Recently I got some heat for putting Zapata under the slogan, “Don’t Tread on Me.” I came up with the appropriation idea a few years ago, but recently someone checked me on it, and rightfully, too. I get the issue of combining white nationalist slogans with Mexican pride. My idea was to break racist white folks monopoly on slogans like “freedom ain’t free” or “don’t tread on me.” Because, really, a lot of the historical figures I look up to had to fight for their freedoms, even died for them, and they wouldn’t take lightly being violated or “tread” upon. But the criticism was apt. They pointed out how Zapata’s concept of liberty was more for the oppressed, the wronged, the people. White Americans on the other hand, was more individualistic, white entitlement. The light flicked in my mind. I got it. So I took that schooling and changed the slogan to“don’t tread on us.” Changing the “me” to “us” made the world of difference. And I’m grateful they helped me see that. My point really is that I’ve gone from fun to shock value to informative and I’m always open to growing my work and ideas because I take it seriously now. 

3. Tell us about your “Despierta” series! (This series is our favorite!) How did you get the idea and which iconic figures have you featured in this series? Which one is your favorite?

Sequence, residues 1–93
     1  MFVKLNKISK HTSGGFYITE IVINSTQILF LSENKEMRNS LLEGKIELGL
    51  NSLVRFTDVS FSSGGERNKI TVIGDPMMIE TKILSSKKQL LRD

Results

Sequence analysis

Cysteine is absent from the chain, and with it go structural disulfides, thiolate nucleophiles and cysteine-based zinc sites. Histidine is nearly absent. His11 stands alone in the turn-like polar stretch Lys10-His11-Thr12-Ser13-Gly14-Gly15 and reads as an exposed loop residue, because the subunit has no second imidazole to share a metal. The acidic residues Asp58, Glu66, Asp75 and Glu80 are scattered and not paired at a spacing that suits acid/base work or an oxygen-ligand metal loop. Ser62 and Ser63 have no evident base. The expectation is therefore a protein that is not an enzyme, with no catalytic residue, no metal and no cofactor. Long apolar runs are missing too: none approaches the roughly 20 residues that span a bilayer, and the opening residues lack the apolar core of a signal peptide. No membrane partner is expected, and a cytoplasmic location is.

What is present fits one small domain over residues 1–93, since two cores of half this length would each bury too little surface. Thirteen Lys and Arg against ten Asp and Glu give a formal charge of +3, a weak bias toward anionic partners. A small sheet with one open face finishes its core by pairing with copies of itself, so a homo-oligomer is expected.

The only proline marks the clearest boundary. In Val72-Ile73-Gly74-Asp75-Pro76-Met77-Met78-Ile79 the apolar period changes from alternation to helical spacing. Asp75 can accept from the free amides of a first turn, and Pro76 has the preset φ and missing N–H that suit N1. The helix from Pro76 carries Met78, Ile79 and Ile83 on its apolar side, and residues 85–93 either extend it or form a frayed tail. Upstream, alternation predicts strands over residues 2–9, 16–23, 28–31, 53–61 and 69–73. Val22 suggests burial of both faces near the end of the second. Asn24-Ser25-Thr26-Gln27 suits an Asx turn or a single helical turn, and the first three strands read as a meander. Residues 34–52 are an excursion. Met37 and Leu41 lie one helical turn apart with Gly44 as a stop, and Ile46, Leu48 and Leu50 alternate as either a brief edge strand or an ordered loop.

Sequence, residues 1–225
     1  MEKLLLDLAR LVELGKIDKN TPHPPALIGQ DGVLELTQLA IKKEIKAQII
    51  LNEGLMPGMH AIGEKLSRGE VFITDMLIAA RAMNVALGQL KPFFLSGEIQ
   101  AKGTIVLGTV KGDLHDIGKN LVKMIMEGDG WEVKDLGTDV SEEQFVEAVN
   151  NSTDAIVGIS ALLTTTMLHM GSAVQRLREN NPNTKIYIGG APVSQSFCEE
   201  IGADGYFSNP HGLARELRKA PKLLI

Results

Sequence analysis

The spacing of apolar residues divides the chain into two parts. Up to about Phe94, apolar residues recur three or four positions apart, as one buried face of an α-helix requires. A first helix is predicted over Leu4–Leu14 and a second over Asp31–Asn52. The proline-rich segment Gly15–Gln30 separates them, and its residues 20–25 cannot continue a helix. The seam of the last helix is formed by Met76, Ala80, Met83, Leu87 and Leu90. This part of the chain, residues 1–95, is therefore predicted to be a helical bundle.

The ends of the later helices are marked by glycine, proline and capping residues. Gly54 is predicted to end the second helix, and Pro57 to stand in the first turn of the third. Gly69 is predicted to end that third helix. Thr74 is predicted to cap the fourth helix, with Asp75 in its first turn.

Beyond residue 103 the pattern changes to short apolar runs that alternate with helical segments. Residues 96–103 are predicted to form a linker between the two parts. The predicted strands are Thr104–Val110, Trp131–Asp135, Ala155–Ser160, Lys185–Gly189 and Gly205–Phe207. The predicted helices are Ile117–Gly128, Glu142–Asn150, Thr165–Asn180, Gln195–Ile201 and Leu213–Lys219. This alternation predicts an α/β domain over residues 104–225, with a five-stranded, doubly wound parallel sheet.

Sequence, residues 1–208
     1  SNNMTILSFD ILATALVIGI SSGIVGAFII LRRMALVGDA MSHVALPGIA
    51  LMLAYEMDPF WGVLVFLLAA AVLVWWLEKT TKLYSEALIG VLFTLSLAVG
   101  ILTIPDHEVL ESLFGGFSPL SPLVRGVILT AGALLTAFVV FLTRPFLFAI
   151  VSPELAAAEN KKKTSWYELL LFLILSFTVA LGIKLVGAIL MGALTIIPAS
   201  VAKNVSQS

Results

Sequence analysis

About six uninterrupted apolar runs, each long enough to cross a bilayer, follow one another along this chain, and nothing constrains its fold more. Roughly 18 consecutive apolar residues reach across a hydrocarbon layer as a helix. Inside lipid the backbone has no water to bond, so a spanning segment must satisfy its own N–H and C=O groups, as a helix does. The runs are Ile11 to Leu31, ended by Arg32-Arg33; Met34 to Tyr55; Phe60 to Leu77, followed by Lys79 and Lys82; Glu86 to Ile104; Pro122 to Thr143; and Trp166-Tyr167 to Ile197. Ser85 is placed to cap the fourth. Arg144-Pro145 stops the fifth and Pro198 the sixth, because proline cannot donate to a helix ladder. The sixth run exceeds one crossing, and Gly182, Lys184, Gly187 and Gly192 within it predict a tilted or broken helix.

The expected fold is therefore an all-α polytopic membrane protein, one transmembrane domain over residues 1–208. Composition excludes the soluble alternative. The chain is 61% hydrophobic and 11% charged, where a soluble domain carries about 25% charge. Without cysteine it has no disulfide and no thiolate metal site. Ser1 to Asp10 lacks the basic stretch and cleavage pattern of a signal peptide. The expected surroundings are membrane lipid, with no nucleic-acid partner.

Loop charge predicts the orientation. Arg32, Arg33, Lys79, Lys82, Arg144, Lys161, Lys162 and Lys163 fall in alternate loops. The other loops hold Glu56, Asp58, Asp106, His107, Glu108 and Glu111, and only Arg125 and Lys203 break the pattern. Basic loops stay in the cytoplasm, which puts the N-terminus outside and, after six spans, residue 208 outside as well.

I’m really happy this series found a crowd. I’d come up with it a couple of years ago, but it just sort of faded away. Recently I started reposting it and you guys featured 2 of them on the Tele-Jaguar page. That’s cool. This series is probably the most disciplined I’ve done. I know it looks straightforward and simple, but a lot went into the style behind it.

Consider dualism. I’d learned a lot about the Aztec, or the Mexica. Especially from the book “Aztec Thought and Culture.” One of the ideas that stuck with me was dualism. How the symbol for war is fire and water, back to back.The Sun is masculine, the moon feminine. I might be wrong but I think there are 9 realms of death, reflecting the 9 months of birth. The all-powerful sun is represented by the small hummingbird. The wise one, Quetzacoatl, is both bird and snake, sky and earth. In the“despierta” series, I’m working with historical icons known for war, agitation, resistance. But they’re not in action mode. They’re taking a breather, having a cup of coffee. They’re in t-shirts, loose clothes. I’ve never seen Malcolm X casual. Here, his collar is undone. Most of them are sort of hiding behind the cup, letting the words on it speak for them: “despierta” or “wake up.” They’re sort of on a break, but of course, their work is still ongoing. I like to think that there’s a bit of my learning of zen Buddhism and minimalism coming through. There’s a lot of blank space, white air. Simple black and white. No one is really saying anything. Less is more. And then there’s the pop factor. Andy Warhol is THE artist for me. His work is so straight forward, and 2 dimensional. But it’s also vibrant and colorful. The ideas seem almost paradoxical in his work. Was he glorifying celebrity? Condemning mass consumption? His work is gritty and industrial (it’s bleeding ink), but there’s a sense of awe that comes through. He would use Elvis or Marylin. But in my conscious world Frida and Che are the celebrities. In “despierta” I also used them and Zapata, Malcolm X, Karl Marx, Nietzche, even buddha. People I look up to. And they’re also rock stars. And rockstars get paid. They promote coca-cola or Nike or Apple. We see them pushing products. But in this case the commercial product they’re endorsing is the idea of waking up.